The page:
Revesby (TF3062), Lincolnshire
Lincoln, Rutland & Stamford Mercury (1859)
*Lincoln, Rutland & Stamford Mercury,
14th Jan.1859, pp.4b
"The rustic fooleries usually tolerated on Plough Monday brought
to Stamford on the 11th inst. a large number of agricultural labourers,
who with painted faces and tawdry disguises importuned the inhabitants
for contributions. One stalwart fellow tried to do "the state some
service" by bringing into ridicule the prevelant mania for crinoline.
He had borrowed some flowing locks to adorn his cheeks, and had
surmounted those with a pimping thing called a bonnet, and his nether
limbs were enclosed in what ladies call a "skeleton", that is, a kind
of network of steel, whalebone, or some other substance used to puff
out gowns. This appandage is said to have caused many who saw his
figure to blush; but the extraordinary apparel answered the purpose,
as the man obtained many donations. Plough Monday is an English
institution, just within the ancient boundary which, as regards some
observances becomes more and more effaced. The day is so called because
for the first time after Christmas the husbandman formerly resumed his
ploughing. Brand's Antiquities describe a Plough Monday performance at
Revesby Abbey, the seat of Sir Jos. Banks, Bart, in 1779, the dancing
ploughboys being decorated in ribbons, each having a sword."
M. W. Barley (Auth.)
PLOUGH PLAYS IN THE EAST MIDLANDS
Journal of the English Folk Dance & Song Society,
Dec.1953, Vol.7, No.2, pp.68-95
This is the most important single paper ever written on East Midlands folk
drama. Starting from the base of E.K.Chambers (1933) "English Folk Play", he
discusses 41 additional texts and other information from Lincs., Notts., Leics.
and Rutland. The approach is very methodical and academically sound - as one
would expect from a trained archaeologist.
There is an excellent review of early records of Plough Monday, Plough Lights
and related customs from various archives. He draws particular attention to the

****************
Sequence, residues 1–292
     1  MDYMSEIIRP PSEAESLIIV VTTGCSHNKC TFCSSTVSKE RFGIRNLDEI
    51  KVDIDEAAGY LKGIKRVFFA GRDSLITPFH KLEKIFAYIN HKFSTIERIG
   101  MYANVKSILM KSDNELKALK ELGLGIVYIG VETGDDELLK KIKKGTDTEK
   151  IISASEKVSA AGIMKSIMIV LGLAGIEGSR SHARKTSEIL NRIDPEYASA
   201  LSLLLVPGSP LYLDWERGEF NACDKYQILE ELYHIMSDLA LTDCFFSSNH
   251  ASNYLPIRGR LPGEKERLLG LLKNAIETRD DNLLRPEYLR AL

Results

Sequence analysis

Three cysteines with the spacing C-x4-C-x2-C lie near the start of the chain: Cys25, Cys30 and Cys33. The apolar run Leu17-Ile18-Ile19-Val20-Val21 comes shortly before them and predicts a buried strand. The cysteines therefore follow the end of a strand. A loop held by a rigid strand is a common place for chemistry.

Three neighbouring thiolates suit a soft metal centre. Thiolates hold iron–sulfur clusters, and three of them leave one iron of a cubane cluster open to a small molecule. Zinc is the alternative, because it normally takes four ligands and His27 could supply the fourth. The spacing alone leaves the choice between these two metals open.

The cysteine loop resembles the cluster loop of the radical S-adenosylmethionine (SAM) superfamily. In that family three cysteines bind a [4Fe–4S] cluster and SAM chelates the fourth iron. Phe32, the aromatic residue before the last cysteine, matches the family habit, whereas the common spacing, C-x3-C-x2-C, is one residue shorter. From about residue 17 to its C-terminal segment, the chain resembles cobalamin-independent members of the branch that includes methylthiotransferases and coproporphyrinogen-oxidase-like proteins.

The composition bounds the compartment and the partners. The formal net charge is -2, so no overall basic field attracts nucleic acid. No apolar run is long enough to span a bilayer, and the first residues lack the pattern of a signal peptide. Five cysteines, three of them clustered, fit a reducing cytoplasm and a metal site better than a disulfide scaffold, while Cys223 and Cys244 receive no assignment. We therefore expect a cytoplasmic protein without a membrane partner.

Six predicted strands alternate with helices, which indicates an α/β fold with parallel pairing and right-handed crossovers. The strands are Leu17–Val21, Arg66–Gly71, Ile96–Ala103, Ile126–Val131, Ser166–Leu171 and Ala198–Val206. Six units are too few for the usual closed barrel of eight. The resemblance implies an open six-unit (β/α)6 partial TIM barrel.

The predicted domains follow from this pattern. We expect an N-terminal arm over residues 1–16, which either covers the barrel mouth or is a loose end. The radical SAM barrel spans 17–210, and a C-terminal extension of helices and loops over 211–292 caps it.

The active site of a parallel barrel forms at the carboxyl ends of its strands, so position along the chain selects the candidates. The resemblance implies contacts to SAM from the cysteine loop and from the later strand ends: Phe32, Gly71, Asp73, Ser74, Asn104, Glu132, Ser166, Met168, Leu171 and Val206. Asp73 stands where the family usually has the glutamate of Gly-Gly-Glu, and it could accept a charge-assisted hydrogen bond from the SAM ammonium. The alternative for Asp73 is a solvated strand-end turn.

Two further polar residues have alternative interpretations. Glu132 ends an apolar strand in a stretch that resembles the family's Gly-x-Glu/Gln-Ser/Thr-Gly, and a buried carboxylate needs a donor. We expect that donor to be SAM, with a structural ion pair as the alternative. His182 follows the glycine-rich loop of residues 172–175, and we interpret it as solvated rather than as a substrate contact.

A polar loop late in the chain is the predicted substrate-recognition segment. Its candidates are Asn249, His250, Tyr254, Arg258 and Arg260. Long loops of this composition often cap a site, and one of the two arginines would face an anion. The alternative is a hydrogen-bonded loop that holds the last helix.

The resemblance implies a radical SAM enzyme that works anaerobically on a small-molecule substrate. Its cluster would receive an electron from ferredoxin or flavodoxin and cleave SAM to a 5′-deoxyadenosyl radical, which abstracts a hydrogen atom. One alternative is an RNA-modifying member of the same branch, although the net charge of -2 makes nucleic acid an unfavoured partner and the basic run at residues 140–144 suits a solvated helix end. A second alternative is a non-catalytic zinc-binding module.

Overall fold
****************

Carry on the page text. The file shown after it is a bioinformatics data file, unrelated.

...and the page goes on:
cast of a play from Donington, Lincs. Concerning the much studied play from
Revesby, Lincs., he adds that Sir Joseph Banks, the famous botanist, must have
had some involvement. This is followed by details of a number of large
households who were visited by Plough Monday teams. He compares the early
nineteenth Century Lincs., plays published by C.R.Baskervill (1924) and modern
plays from the same areas, noting marked differences in the "wooing" scenes.
Comparative details are enumerated of; rewards received by the teams, malicious
ploughing, trailed ploughs, and costumes. Regarding music, Barley notes the lack
of recorded tunes, but is able to give three variants (including one from South
Scarle, Notts.) There is brief description of the vestiges of dances present,
and of Hobby Horses in North Lincs. He extensively discusses regional
variations in the plays, noting differences in characters and lines, much in the
manner of E.K.Chambers.
The Appendix lists around 70 records of plays. There is also a distribution
map. The list does not include a number of references in the text, and these
too are not to be found in the Barley's collection. Notts., examples are;
Averham, Orston, and Sutton-on-Trent.
It was very commendable that Barley did not attempt to speculate on the origins
of the plays, except for an unsuccessful search for possible links with Denmark.
It is unforgivable therefore that P.D.Kennedy felt obliged to add a massive and
patronising footnote giving the E.F.D.S.S. Establishment doctrine about the
supposed ritual and symbolical origins of the plays.
* indicates data that not yet been validated against the original source and/or has yet to be completely indexed.